Mesospheric temperatures from UARS MLS: Retrieval and validation

Wu, D. L., W. G. Read, Z. Shippony, T. Leblanc, T. J. Duck, D. A. Ortland, R. J. Sica, P. S. Argall, J. Oberheide, A. Hauchecorne, P. Keckhut, C. Y. She, and D. A. Krueger, Journal of Atmospheric and Solar Terrestrial Physics, 65, 245 - 267, doi: 10.1016/S1364-6826(02)00293-6, 2003.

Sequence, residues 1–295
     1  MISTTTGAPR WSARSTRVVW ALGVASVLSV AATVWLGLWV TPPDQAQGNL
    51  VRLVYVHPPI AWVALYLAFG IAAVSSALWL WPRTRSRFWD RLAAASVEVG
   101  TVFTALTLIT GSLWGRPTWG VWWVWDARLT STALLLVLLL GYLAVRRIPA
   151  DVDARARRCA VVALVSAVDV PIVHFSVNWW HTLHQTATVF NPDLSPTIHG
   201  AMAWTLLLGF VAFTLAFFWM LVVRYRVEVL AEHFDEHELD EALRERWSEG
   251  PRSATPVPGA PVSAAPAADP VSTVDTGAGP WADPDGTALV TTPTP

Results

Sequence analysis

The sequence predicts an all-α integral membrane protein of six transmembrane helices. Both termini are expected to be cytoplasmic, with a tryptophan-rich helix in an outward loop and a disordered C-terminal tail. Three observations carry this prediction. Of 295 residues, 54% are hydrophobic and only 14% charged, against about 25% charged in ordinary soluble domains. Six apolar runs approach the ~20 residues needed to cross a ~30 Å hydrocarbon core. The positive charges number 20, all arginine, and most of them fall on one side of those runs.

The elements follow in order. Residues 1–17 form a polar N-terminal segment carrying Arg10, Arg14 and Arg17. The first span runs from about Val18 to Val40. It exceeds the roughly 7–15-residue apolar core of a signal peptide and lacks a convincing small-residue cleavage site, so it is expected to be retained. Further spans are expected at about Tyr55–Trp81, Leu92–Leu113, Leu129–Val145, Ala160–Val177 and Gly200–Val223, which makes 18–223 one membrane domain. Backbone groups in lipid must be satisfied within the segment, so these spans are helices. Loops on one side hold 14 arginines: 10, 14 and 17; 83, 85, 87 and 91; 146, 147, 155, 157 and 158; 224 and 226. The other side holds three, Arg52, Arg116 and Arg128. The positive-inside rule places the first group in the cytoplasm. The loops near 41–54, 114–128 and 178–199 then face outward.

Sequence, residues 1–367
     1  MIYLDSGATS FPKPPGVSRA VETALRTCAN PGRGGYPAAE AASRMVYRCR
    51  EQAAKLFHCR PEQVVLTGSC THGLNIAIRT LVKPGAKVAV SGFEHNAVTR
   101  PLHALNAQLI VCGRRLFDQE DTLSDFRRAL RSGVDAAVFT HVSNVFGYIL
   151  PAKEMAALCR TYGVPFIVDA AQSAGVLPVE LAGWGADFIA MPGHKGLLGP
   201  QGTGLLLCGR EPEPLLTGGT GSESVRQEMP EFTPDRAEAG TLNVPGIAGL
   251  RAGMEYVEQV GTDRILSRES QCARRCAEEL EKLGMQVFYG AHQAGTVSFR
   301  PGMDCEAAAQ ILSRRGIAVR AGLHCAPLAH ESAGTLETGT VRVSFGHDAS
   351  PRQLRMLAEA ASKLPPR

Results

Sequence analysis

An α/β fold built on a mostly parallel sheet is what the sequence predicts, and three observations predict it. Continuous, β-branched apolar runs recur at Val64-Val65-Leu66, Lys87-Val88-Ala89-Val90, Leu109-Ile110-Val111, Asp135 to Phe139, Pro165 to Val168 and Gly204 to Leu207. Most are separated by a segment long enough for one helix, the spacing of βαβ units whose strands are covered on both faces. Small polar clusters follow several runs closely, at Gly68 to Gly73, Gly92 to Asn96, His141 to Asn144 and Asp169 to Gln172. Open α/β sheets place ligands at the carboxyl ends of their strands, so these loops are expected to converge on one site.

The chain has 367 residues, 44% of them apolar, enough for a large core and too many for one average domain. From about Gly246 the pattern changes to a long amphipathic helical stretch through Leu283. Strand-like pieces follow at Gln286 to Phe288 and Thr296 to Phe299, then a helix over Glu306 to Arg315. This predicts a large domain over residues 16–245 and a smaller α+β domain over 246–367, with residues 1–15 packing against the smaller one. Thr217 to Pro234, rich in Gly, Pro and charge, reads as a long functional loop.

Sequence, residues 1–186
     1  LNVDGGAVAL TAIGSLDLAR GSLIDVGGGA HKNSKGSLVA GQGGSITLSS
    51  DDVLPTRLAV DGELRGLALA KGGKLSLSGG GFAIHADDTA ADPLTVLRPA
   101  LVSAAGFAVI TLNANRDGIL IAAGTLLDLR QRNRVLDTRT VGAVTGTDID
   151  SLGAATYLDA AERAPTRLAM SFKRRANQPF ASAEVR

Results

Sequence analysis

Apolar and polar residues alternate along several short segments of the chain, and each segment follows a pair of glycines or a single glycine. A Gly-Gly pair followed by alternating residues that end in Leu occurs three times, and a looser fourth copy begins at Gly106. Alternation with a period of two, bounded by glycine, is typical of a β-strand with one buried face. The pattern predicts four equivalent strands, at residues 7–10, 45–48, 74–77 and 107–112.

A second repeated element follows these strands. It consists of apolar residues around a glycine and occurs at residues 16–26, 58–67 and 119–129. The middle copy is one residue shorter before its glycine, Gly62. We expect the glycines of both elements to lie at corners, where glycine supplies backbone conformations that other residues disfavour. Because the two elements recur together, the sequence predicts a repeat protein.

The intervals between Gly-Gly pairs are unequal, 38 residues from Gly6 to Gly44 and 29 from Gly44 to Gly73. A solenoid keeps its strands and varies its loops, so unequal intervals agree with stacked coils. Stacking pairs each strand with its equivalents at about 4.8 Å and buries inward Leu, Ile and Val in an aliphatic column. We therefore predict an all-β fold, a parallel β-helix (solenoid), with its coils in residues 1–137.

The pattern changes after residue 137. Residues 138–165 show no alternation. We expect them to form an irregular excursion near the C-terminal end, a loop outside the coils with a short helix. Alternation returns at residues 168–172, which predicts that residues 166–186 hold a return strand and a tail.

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Abstract. A research algorithm is developed to retrieve temperature at 20-90 km using 63 GHz O2 emission measurements from Microwave Limb Sounder (MLS) on Upper Atmosphere Research Satellite (UARS). The algorithm is based on a previous MLS radiative transfer model but improved to produce more accurate radiance calculations in the cases where the geomagnetic Zeeman splitting is important. A fast version of the model is developed and implemented for practical uses of the temperature retrieval, which uses a single temperature and O2 density profile as the linearization basis. The calculated radiances and linearization coefficients are fit to a set of explicit functions of the geomagnetic field and its direction at tangent heights of 0-120 km, which are pre-stored in order to speed up the computation. The new algorithm has been used to process all the data available during 1991-1997 before MLS 63 GHz radiometer was powered off. The estimated precision of MLS temperature varies from 2 K at ~20 km to 8 K at ~80 km and increases sharply above ~90 km. The retrieved MLS temperature are compared against CIRA'86, satellite, lidar, and rocket observations. Comparisons to CIRA'86 seasonal climatology show that the differences are latitude-and-season dependent and generally <5 K below 50 km and 10 K in the mesosphere. Comparisons with other satellite observations (ISAMS, HRDI, CRISTA1) show different patterns but a cold bias at 85-90 km seems common in all these comparisons. Comparisons to ground-based lidar measurements suggest that MLS temperatures are warmer by 2-4 K in the stratosphere and colder by 5-15 K at 85-90 km. The MLS-minus-lidar difference shows a 3-10 K cold bias near 70 km for most of the sites selected. The comparisons with rocket measurements are similar to those with lidars at these altitudes, giving cold biases in the MLS temperatures at 85-90 km. Most of these biases are understandable in terms of sampling and resolution differences, and some biases can be reduced with further improvements in the MLS retrieval algorithm. Despite the existing biases, the MLS temperature have been found useful in studying large-scale mesospheric phenomena such as the temperature inversion layer.



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